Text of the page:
It also touched on how firms are developing reopening strategies, and are weighing up the costs and benefits of reconfiguring their offices to allow for social distancing, having earlier redesigned their technology and operations workspaces to help promote close proximity collaboration.
“The added real estate and construction costs of such a project alone may drive consideration of outsourced operations,” SEI said.
A unique advantage
During March’s volatility spike, global custodians reported a surge in the volume of back-office transactions compared to the first two months of 2020. Similarly, SEI saw a doubling of middle-office transaction volumes in March compared with the January/February average.
The unprecedented market movements brought increased trading volumes, unscheduled cash flows, large valuation changes and concurrent swings in collateral requirements, requiring operations teams to be “alert, nimble and, in some cases, on double duty” to ensure timely and accurate processing of cash and assets transactions.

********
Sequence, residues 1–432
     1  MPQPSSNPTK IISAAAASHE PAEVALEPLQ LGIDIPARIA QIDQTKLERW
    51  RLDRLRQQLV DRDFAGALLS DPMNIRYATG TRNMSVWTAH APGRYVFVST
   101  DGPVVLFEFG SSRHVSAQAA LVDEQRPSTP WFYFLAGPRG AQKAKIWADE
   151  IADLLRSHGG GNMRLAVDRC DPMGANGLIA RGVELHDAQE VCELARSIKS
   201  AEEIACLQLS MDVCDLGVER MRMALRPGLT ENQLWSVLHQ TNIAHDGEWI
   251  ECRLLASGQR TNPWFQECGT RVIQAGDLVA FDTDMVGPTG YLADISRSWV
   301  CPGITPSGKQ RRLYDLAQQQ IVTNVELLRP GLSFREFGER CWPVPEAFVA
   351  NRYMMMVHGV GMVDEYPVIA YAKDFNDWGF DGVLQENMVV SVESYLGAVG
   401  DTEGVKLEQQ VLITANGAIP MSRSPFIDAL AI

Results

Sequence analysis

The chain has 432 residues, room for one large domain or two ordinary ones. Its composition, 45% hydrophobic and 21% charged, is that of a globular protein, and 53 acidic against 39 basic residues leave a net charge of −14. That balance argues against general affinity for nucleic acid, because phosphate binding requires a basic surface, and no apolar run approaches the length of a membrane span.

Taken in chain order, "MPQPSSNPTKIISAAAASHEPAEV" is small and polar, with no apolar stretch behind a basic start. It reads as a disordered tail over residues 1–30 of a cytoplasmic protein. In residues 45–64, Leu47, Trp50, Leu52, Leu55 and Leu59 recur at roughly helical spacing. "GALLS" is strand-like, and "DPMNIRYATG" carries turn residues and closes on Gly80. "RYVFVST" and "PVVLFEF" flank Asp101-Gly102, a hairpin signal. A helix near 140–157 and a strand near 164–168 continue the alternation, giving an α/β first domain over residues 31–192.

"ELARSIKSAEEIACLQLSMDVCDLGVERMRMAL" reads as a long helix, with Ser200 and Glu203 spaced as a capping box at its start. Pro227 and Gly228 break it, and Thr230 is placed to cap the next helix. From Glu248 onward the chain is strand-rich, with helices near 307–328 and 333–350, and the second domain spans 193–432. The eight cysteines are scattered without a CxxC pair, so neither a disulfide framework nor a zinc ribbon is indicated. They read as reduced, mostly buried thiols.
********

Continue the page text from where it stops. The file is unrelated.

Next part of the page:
But trading volumes and corresponding liquidity needs were not the only operational segments under high-risk conditions, SEI noted, with huge market swings demanding ever-closer monitoring of collateral requirements. The paper estimated that the typical one or two collateral calls per week may have increased to several calls a day by mid-to-late March.
SEI suggested investment managers which use a third-party service provider to handle trade confirmation, settlement and collateral management were at a “unique advantage” in dealing with volatility spikes, and better placed to avoid “costly financial errors and procedural violations.”
“Service providers are well-suited to handle these activity spikes with global staff that supports multiple asset managers and thousands of accounts across markets, counterparties and custodians,” SEI said in the paper, highlighting the opportunities to reassign and reallocate resources across the organisation and between firms.
“During a time of extraordinary strain on operations, asset managers with outsourced middle-office support were able to better maintain stability and mitigate risk.”
A compelling argument
SEI believes that the broad mix of challenges arising from the coronavirus pandemic demonstrate the “a compelling argument” for outsourcing.